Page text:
Saturday, August 30, 2014

Rich Missionary

"Beef is expensive." She didn't even look up as she said it. Was she just stating facts? Or did she not approve of my meal choice?

The social chasm between us suddenly grew wide. Or perhaps I only just noticed it for the first time. There we stood, me firmly planted on the 'rich' side and her on the 'poor' side. The width and depth of the chasm made crystal clear by the price I was willing to pay for red meat.

We live well here in Papua. Our home is small, but modern. We have a western style toilet rather than a squatty potty. We have a shower rather than a tiled tub of water and a ladle. We have a full size frigde/freezer and a stove with an oven. We have a washing machine and a covered place to hang clothes to dry protected from the elements. We have air-conditioning in the bedrooms. Our home and furnishings are provided by our agency and they took pride in helping us feel comfortable without being too extravagant. We are well cared for.

There are a lot of much nicer, bigger, elaborately furnished homes around than ours, but there are volumes more simpler homes. To afford a place like ours you need to be educated and have a good job. These homes are out of reach for the majority in our community.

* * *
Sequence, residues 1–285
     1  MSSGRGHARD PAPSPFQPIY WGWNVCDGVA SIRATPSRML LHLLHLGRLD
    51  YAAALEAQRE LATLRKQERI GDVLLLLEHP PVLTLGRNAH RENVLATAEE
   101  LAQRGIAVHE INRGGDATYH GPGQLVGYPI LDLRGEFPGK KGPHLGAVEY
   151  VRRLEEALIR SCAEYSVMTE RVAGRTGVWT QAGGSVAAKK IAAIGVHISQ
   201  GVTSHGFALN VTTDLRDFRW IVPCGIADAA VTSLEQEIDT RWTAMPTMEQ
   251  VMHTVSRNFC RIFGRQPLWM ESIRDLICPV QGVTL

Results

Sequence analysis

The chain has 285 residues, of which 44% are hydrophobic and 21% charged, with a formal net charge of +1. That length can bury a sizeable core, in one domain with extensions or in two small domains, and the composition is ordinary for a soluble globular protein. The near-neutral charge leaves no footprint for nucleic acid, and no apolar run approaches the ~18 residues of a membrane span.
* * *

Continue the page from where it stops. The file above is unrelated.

I bought the beef anyway. A couple days later my living room filled with children who enthusiastically gobbled down their very first mouthfuls of sloppy joe. Moms and Dads joined us and took home extra sandwhichs in ziplock bags.

At last, when everyone had returned home with full tummies and my living room was back in semi-order, I sat down and breathed out a prayer of gratitude for the day, for my home, and for beef.

I thought about Jesus's story of the rich man preparing a great banquet (Luke 14:16-24). The man invited all the well-to-do's of the community who all made excuses as to why they couldn't come. So the rich man sends his servant out to the streets to invite the poor and the crippled. 'Go out to the roads and country lanes and compel them to come in, so that my house will be full'.

As I sit thinking about the rich man in Jesus's story I see that he wasn't afraid to open his very nice, big, modern, well furnished, expensive food on the table home to the poor. The rich man wasn't concerned about protecting all the nice stuff he owned, he  filled his home with beggars and cripples.

If this story is a picture of love and grace extended, of open places at God's table for those marginalised and dismissed by society, then you'd better believe it also has huge implications for how I go about life today.

The children and families that came to my home are far from being beggars. They live in the middle income bracket here and some even live in houses much fancier than ours. We have enjoyed the hospitality of their homes and I hope they in turn enjoyed the hospitality of ours. Never the less, I am seen as rich if for no other reason than my skin color and country of birth.

I have much to learn about living well as a rich person, and specifically about how to do that in my new culture. I know that I mess it up.

"Don't worry about the beef." a friend said. "Pork is expensive too and people buy that. Just make enough for everyone to take home leftovers." And another, "And keep your front door open. It means your heart is open too."


  1. very thought-provoking, Anisha, as always. Hope you are all doing ok and your health is better. All our love

  2. Thank you Sigrid! And yes, I am improving in health. Hope you are doing well too :)